To investigate the spontaneous outcomes of vascularized retained products of conception (RPOC) detected by ultrasonography after second-trimester abortion, and to identify the predictive factors for the development of severe postpartum hemorrhage (SPPH).
This is a retrospective cohort study on all cases after second-trimester abortion managed at our institute between January 2014 and December 2016. We assessed the associations between the occurrence of SPPH requiring invasive treatment and clinical factors including ultrasonographic findings (size and the vascularity status of RPOC classified as follows: type 1: vascularity confined to endometrium, type 2: vascularity reaching <1/2 myometrium, and type 3: vascularity reaching ≥1/2 myometrium) in vascularized RPOC cases.
Among 103 cases after second-trimester abortion, 19 patients (18.4%) were diagnosed as RPOC, and five patients eventually failed expectant management due to SPPH. Of them, 66.7% (4/6) of patients with type 3 developed SPPH as compared with 7.7% (1/13) of patients with type 1/type 2 (p < .05). The maximum vascularized mass diameter was significantly greater among the five patients who experienced SPPH than among the 14 patients who demonstrated spontaneous remission (43.0 ± 12.0 mm versus 20.7 ± 8.3 mm, p < .01). Patients with type 3 RPOC and a maximum vascularized mass diameter ≥30 mm, compared with other patients, demonstrated sensitivity, specificity, and risk ratio related to SPPH of 80, 92.9%, and 11.2, respectively.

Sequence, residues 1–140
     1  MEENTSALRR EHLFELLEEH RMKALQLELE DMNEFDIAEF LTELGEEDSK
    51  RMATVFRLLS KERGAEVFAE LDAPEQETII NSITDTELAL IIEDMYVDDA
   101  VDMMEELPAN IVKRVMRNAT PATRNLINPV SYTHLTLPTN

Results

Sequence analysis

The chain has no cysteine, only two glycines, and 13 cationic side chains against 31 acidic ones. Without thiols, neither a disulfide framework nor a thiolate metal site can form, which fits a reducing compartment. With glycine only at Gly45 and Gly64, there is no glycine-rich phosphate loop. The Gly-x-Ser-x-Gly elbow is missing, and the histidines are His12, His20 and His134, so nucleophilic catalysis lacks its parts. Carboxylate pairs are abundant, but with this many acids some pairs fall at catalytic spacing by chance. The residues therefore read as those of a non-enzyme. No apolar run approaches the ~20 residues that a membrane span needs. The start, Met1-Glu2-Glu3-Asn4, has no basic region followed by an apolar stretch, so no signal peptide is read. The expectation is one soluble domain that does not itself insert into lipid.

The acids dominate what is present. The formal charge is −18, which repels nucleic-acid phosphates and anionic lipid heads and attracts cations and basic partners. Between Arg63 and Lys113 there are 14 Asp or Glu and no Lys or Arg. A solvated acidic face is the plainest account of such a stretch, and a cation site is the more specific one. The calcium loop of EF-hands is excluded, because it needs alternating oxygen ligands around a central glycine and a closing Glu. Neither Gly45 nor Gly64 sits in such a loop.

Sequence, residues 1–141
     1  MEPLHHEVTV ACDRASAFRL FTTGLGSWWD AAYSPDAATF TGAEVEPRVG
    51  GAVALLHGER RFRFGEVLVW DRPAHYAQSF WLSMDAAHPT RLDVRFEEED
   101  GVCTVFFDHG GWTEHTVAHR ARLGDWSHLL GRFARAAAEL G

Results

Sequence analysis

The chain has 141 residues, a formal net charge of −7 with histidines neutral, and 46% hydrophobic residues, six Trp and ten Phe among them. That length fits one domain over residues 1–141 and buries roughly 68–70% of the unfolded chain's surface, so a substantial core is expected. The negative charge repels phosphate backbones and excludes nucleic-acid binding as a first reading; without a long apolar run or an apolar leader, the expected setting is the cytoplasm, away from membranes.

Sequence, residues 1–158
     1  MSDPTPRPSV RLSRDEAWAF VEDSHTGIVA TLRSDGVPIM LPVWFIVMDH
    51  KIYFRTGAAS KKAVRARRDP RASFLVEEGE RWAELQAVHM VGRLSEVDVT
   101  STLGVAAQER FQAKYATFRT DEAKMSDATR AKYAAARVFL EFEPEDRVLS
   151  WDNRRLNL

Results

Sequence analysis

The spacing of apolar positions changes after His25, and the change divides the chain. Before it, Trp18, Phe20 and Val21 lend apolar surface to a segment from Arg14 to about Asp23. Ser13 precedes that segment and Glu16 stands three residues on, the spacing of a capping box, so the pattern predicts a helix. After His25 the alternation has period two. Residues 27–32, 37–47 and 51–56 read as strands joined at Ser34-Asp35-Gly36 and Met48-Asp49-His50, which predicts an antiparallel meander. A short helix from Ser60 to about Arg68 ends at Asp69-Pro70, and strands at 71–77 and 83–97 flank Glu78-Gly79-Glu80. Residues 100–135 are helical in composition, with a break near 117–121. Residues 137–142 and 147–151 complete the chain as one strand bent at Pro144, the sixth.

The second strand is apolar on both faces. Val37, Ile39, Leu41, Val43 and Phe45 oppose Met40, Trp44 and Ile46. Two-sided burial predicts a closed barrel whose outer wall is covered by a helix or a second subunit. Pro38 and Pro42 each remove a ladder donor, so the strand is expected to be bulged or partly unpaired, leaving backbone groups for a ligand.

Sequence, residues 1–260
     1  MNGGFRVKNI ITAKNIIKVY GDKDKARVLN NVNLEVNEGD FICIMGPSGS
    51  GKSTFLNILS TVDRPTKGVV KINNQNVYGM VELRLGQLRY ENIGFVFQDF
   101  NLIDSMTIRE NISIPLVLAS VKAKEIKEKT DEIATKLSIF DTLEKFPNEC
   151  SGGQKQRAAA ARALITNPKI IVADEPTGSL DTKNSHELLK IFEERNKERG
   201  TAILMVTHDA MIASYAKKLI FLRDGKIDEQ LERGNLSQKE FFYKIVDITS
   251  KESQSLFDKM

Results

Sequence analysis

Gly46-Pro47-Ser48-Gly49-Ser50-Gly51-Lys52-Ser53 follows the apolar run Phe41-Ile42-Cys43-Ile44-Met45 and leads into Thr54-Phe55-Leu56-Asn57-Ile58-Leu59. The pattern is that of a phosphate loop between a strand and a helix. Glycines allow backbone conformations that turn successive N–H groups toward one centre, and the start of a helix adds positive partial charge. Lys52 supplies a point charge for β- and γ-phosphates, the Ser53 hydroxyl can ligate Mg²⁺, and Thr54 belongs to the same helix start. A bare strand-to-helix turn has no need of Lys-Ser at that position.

Our findings suggest that the ultrasonographic assessment of RPOC focused on the depth of vascularity in combination with the measurement of its size appears to be essential in determining women with RPOC who are at high risk for SPPH.